Eurosceptic president Václav Klaus on Thursday threw another spanner in the works of the Lisbon treaty. During a telephone conversation with Swedish Prime Minister Fredrik Reinfeldt, whose country currently presides over the EU, the Czech president said that he would only sign the Lisbon treaty on two conditions – if the Czech Constitutional Court rejected a legal challenge to it and if the EU was prepared to add a footnote to the treaty pertaining to the EU Charter of Fundamental Rights.
Václav Klaus, photo: CTK
For some time now President Klaus had been under pressure to reveal his intentions. At a press briefing on Friday afternoon he clarified his position. The president said the Lisbon treaty was a bad treaty for the Czech Republic and accused the former government of not having defended the country’s interests adequately – like Britain or Poland – in demanding and getting exemptions on vitally important issues. The president specifically referred to the Beneš decrees which set the ground for the post-war expulsion of Sudeten Germans and argued that the Charter of Fundamental Rights attached to the Lisbon treaty would leave the Czech Republic vulnerable to new property claims from Sudeten Germans or their descendants. He said he was greatly concerned about Czech courts loosing jurisdiction over such issues to foreign courts and stressed that the country needed at least a minimal guarantee in the form of an exemption.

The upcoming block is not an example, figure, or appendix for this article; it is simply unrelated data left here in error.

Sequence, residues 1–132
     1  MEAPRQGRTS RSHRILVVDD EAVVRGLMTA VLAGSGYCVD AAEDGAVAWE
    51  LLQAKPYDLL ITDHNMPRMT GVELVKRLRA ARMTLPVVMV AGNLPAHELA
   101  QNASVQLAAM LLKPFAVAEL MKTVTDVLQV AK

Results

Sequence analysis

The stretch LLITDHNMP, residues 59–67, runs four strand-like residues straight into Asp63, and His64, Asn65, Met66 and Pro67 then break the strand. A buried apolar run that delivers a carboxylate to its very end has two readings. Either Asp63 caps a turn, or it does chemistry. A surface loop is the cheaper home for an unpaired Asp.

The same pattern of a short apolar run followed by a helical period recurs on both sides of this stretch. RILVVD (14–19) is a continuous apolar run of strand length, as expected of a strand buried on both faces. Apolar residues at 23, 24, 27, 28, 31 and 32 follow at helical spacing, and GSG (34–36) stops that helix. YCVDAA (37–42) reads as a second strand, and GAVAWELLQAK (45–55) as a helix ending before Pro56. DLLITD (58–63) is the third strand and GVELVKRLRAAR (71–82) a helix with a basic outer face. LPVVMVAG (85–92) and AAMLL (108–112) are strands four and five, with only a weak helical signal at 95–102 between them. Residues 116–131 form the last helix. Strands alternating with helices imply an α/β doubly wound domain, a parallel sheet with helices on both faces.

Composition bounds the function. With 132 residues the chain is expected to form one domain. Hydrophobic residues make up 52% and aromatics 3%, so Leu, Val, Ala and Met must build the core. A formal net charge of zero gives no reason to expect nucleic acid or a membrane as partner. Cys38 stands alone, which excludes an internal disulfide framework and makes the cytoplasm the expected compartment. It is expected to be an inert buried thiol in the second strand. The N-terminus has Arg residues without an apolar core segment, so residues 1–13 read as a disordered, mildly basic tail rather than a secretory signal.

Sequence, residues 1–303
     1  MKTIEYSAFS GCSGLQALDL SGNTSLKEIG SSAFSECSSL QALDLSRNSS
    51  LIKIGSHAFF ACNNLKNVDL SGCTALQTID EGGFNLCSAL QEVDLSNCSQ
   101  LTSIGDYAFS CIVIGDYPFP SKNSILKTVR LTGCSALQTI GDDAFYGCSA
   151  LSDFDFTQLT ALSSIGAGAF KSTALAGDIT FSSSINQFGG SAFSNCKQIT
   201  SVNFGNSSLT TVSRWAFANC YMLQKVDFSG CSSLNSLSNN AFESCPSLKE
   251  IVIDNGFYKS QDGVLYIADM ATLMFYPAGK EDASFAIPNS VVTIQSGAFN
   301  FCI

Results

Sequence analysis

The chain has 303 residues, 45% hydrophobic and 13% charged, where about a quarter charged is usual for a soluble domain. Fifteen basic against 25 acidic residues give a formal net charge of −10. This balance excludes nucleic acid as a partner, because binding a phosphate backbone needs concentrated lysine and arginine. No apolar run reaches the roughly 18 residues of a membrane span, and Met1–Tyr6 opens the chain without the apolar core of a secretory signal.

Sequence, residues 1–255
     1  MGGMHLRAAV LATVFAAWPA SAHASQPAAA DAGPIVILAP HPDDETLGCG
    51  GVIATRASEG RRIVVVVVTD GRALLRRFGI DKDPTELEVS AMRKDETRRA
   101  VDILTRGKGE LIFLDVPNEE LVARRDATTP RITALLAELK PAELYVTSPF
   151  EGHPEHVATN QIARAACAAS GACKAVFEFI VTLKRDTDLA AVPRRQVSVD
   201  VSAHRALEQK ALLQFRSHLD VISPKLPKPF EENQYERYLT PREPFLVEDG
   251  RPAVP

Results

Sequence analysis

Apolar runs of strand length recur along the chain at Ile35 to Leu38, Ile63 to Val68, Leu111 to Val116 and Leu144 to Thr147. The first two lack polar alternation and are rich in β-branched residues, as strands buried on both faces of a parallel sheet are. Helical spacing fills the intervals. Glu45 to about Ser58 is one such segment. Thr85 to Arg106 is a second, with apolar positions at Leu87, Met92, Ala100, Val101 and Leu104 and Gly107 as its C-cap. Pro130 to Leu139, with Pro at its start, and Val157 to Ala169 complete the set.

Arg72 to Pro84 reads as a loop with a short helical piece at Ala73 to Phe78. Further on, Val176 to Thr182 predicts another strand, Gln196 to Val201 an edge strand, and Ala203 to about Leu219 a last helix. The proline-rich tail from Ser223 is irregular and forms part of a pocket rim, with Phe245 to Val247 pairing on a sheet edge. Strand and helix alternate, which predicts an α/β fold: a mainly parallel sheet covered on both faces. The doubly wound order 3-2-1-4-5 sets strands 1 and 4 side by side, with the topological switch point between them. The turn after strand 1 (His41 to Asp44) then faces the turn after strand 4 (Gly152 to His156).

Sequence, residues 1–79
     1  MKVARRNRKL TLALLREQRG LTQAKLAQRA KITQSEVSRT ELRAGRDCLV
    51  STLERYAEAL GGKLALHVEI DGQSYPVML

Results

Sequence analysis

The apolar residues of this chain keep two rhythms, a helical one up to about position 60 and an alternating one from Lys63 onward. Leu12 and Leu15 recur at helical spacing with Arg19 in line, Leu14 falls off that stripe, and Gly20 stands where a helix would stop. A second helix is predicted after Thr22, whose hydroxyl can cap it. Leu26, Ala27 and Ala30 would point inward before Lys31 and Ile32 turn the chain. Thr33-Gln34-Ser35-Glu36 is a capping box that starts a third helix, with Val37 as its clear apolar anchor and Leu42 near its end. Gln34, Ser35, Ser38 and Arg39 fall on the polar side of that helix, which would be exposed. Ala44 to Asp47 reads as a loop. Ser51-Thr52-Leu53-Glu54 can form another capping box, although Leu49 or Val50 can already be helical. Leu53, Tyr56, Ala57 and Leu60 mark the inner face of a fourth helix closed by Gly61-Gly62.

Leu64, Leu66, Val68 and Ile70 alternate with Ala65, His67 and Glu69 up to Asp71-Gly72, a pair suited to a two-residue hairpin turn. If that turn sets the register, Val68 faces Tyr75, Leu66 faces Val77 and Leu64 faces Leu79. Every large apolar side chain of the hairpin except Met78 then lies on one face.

An opt-out of this kind would mean long delays since the treaty would have to be re-negotiated and the footnote would have to be approved once again by all 27 member states. Technically, the request for such a change would have to be made by the Czech government and the head of the European Parliament Jerzy Buzek on Friday asked the Czech prime minister to decide whether he wanted to make an official request.
Photo: European Commission
This latest development has created a huge problem not just for the EU but for the Czech Republic. Legal experts are now analyzing whether the president is overstepping his powers in this matter and doubtless more pressure will be exerted on him to sign. If he doesn’t Czech politicians could start impeachment proceedings against him or Parliament could vote him unfit for office, which would obviously create internal chaos. If, on the other hand, the prime minister does ask for the opt-out there would most likely be a long delay – Brussels would doubtless come up with a plan “B” and the Czech Republic would have damaged its reputation in the EU beyond repair.